Friday, June 13, 2008

This week's playlist: you got the power to drive me insane

Jumping All Over The World - Scooter: suddenly the UK is in the grip of Scooter-mania! And why not. Those of us over a certain age are having a nostalgia trip here - "Glass of Champagne" by Sailor, anyone?

Let It Shine - Tingsek: after a few weeks' break I've now decided that I can't stop listening to and loving this song again.

The World Begins To Look Her Age - Alan Rankine: I used to love this song years ago and have rediscovered it all over again after a couple of other music-nostalgia blogs had mentioned it. A brilliant, ambitious production from the ex-Associates man.

Bronza - Prata Vetra: It's taking me a while to get into their album, but this is my favourite track from it this week.

You Think I Don't Care - Jack McManus: I'm now a bit worried that if "Bang On The Piano" never made it, then this might not either. Still, another good, radio-friendly song. I like him.

Delirious - David Guetta: When it comes to infectious dance tracks, this man can do no wrong. And here's another one. It takes a while to get going, but it gets there.

Tired of Being Sorry - Enrique Iglesias and Nadiya: French-English reinvention of this track, and it works. And we like Nadiya on this blog, so that's ok.

42/Viva La Vida - Coldplay: two particularly fabulous tracks from their new album, which you will either love or hate.

That new Coldplay album.

At the moment: listening to bits of Coldplay's "Viva La Vida or Death and All His Friends". This getting-Coldplay-albums-on-their-release-date thing is becoming a bit of a habit for me as I remember getting "X and Y" the day it came out, and playing "White Shadows" and "Talk" almost until the CD wore out.

It's not that I am a big Coldplay fan, not really, but there's something that draws me in and I can't really explain it.

However, I still don't understand what Chris Martin is about though. I was listening to him being interviewed on Radio 4's "Front Row" and he walked out when it all got too much for him. Maybe he prefers to let the music speak for itself, but in that case why do interviews at all?

Anyway this album sounds rather wonderful, the bits I've heard so far. I'm loving "42" and the title track already. Is it just me or is "Violet Hill" one of the weakest songs on the album though?

On first listen, this sounds like a great, epic album and even if you're not a fan then you might still find something on it to love.

Wednesday, June 11, 2008

The Riga Diaries: Part 4

Day 4: 22.05.08
That’s Majori / Black Balsams and Brainstorm

Both of us have slightly sore heads this what better than a trip to the seaside to clear them? It was time to hit the Baltic coast, just 35 minutes by train from Riga. The biggest challenge is actually getting on the train...a very high climb, not good for short-legged people like me! Once you do climb onto the train, you can enjoy the journey through the rural outskirts of Riga, which seems to be covered in forests. Jurmala is our destination - but it’s actually a collection of adjacent villages which line the Baltic coast. We get off at Majori station. Majori is best known for its collection of preserved wooden houses and they are rather stunning. We spend a lot of time strolling down the main street, which is like a real-life version of Skansen in Stockholm.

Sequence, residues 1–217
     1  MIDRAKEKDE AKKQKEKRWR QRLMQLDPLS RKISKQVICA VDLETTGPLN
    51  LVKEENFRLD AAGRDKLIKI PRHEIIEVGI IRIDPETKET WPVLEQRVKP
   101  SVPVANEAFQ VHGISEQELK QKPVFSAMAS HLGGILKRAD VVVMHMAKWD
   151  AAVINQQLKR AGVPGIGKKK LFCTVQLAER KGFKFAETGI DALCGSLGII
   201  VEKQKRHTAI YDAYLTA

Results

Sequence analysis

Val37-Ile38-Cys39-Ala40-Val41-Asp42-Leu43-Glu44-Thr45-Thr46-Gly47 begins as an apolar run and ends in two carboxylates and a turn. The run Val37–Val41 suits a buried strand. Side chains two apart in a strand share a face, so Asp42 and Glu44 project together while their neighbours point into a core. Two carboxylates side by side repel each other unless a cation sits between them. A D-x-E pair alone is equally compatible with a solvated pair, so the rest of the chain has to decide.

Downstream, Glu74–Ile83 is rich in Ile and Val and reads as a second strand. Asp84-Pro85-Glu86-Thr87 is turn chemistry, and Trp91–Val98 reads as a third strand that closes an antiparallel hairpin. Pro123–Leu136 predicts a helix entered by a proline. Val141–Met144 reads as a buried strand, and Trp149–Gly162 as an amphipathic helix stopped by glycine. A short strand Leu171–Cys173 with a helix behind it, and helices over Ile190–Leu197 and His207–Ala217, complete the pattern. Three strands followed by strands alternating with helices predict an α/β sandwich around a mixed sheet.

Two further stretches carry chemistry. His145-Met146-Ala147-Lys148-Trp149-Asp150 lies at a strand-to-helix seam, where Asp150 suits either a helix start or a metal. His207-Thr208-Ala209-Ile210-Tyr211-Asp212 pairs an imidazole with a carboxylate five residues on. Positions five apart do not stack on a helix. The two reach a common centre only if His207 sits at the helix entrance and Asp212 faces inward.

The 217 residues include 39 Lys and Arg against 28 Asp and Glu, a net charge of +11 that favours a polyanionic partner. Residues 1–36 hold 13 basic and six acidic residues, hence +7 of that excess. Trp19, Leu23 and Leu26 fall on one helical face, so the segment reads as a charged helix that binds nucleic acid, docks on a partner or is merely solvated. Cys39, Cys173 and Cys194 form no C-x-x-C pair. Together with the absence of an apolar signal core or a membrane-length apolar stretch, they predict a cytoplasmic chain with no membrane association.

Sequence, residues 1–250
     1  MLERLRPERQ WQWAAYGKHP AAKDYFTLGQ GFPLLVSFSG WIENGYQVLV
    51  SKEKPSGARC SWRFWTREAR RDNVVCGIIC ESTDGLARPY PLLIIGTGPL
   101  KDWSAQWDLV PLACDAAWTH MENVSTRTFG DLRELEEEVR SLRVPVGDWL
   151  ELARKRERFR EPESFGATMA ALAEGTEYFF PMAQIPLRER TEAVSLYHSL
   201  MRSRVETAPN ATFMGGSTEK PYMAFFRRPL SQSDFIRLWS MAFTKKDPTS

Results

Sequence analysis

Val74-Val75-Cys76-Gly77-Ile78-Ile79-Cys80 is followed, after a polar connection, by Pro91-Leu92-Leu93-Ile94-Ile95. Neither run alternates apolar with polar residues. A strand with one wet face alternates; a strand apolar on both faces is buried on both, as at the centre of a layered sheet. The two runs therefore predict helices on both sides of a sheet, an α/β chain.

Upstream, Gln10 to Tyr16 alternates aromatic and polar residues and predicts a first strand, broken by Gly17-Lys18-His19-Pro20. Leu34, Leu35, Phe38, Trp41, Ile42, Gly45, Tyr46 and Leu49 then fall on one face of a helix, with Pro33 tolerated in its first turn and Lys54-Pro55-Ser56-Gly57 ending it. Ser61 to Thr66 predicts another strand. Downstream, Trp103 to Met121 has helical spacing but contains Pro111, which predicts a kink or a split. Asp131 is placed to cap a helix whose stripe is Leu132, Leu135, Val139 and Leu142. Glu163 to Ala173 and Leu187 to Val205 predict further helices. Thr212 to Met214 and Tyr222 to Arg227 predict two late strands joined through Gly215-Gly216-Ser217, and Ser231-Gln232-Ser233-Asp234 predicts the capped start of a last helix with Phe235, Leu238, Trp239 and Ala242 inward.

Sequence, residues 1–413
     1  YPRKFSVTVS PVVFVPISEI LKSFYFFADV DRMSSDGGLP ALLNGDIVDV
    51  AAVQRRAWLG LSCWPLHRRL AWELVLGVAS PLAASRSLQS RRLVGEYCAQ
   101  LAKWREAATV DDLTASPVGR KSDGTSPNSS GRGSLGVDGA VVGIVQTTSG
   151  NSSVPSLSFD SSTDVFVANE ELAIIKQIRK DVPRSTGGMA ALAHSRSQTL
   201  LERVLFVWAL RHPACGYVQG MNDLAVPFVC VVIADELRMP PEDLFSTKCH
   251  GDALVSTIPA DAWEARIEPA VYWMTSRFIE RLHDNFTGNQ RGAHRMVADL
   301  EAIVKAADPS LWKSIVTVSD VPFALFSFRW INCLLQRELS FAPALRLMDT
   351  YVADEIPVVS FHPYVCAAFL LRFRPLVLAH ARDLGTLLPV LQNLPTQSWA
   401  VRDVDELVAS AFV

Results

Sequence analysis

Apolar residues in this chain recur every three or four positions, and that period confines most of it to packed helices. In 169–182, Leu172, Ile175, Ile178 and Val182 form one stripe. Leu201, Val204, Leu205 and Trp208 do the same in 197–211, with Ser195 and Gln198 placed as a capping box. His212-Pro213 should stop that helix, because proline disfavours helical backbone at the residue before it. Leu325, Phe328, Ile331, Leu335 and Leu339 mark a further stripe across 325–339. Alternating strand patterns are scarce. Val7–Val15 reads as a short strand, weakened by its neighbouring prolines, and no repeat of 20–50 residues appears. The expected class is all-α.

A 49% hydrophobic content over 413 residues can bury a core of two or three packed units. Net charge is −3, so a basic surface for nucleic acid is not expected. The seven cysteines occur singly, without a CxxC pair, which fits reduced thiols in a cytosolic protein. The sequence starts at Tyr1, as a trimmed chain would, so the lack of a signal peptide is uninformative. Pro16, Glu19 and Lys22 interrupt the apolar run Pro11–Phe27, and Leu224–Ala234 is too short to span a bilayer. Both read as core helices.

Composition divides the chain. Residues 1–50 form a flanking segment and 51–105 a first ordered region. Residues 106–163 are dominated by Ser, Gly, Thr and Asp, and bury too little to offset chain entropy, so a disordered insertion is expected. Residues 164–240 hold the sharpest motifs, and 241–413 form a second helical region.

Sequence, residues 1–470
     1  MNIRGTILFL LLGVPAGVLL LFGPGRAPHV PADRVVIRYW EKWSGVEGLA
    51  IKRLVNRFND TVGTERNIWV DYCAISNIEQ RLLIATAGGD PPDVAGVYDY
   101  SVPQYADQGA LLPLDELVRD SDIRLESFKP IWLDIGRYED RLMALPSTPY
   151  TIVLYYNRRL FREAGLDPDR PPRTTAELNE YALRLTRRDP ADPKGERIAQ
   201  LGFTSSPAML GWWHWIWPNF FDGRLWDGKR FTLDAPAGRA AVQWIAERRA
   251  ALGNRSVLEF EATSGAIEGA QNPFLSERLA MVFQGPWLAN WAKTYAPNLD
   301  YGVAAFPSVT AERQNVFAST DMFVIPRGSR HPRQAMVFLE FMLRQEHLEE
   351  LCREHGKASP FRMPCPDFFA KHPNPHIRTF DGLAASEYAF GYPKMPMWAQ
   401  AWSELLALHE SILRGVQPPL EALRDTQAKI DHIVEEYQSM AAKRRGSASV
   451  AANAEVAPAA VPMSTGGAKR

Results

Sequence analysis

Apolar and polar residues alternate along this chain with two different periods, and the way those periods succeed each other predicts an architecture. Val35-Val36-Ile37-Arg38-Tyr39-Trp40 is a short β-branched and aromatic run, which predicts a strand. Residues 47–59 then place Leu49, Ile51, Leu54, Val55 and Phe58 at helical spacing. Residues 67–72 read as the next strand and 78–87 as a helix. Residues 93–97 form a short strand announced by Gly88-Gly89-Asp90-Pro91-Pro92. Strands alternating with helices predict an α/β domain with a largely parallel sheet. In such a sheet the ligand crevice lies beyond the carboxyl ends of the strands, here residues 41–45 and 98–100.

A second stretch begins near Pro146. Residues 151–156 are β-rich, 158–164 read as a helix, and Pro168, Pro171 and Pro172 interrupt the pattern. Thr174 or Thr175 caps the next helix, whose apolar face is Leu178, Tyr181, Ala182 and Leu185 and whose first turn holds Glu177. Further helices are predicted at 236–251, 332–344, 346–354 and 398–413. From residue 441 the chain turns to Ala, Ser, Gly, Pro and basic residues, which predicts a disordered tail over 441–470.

After lunch we head (via some more delightful wooden houses) to Majori beach (pictured above). We walk across the beach and literally dip our toes in the Baltic. The Baltic air is fresh and salty, and the weather bright and breezy. We may only have been standing on a beach, but it’s quite a moving and exciting experience, because this is The Baltic Coast and never before in my life had I ever imagined that I’d ever do anything like this.

But eventually we have to go back to Riga by train - just how "ex-KGB" was that ticket inspector???!!! Riga Central Station isn’t just a station, but it’s a bit of a shopping mall too! We end up (surprise surprise) in a little record shop where I buy a Now-type compilation of recent Latvian pop, whilst faithful travelling companion invests in a Russian-language album by...a Russian girl band!

Our final night in Riga and our final dinner at a small basement bar/restaurant tucked away in the shadow of Riga Castle. A real "Latvian" night too - food, beer and finally our first taste of the, ‘legendary’ Riga Black Balsams, a unique and potent local spirit. Initially it tastes disgusting, so disgusting that I end up having another one in another bar later in the evening. Extra Latvian-points also to this eatery for playing the complete works of Brainstorm/Prata Vetra tonight!